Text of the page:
Open Farm Sunday takes place on June 9 and will see farmers all over the country engage with the public and answer questions they have about food production.
Farmers interested in taking part are being urged to attend a free information event held at Dingwall and Highland Auction Mart, Bailchaul Road, Dingwall on February 20.
With consumers' interest in the provenance of their food continuing to rise, Open Farm Sunday is an opportunity for farmers to really engage with the public, tell their story of what they do to produce great food and help challenge misconceptions. This is why Open Farm Sunday organiser LEAF - Linking Environment And Farming, is encouraging more farmers than ever before in Scotland to get involved.
The information events will inspire and enthuse host farmers throughout the region, with new ideas on how to put on a great Open Farm Sunday event, equip them with the latest health and safety information as well as share ideas and experiences with other host farmers. Booking is essential. For full details on the events or to register your Open Farm Sunday event please visit www.farmsunday.org. As well as the information events, LEAF also offers a huge range of free resources to help farmers put on interesting and engaging events. Research from LEAF shows that many farmers report real business benefits from opening on open Farm Sunday. These can include: sharing knowledge; increased sales; improved staff morale; team building, and the development of new skills.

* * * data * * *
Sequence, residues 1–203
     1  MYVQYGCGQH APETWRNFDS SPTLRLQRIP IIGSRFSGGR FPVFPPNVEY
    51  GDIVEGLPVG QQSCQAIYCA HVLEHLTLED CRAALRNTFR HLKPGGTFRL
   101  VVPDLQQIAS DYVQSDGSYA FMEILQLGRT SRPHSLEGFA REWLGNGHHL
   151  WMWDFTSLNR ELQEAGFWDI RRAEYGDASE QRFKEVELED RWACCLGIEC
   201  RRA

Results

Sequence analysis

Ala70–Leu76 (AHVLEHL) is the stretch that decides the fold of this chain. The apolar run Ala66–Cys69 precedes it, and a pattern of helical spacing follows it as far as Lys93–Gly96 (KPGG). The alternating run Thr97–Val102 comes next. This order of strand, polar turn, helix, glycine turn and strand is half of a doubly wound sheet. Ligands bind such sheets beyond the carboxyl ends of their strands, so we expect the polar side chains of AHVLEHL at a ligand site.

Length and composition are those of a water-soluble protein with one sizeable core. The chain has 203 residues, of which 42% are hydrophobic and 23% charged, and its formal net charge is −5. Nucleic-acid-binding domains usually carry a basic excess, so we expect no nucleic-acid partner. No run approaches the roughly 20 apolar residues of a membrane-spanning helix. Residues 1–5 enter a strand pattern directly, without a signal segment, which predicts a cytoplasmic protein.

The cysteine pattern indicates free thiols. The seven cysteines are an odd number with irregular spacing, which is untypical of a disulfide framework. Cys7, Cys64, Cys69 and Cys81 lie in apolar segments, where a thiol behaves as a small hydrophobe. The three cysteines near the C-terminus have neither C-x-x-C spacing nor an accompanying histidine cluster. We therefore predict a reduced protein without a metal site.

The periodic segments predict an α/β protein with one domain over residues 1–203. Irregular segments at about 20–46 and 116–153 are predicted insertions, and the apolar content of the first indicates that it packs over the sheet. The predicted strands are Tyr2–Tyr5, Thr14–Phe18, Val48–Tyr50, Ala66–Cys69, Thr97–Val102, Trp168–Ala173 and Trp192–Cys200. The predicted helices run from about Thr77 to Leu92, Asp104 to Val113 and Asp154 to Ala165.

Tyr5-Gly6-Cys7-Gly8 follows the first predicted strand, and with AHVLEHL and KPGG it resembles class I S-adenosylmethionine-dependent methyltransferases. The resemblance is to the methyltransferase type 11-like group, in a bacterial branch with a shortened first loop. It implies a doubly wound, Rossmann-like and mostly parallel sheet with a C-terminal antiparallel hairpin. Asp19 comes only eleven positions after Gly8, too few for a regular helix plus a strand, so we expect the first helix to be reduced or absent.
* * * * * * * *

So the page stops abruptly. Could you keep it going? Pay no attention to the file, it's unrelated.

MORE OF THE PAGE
Caroline Drummond, LEAF Chief Executive said: "We are looking for farms of every shape, size and type to take part. Open Farm Sunday events do not need to be huge – a simple guided farm walk for friends and neighbours can have a huge impact. The theme for 2013 is discover the story behind your food. It's an important message as we know that many consumers are not connected with food and farming – even people who live in rural areas. We are encouraging many more farms to open in June so we can really extend the reach of Open Farm Sunday which will benefit the farming industry as a whole. However the benefits for host farmers are much wider than that."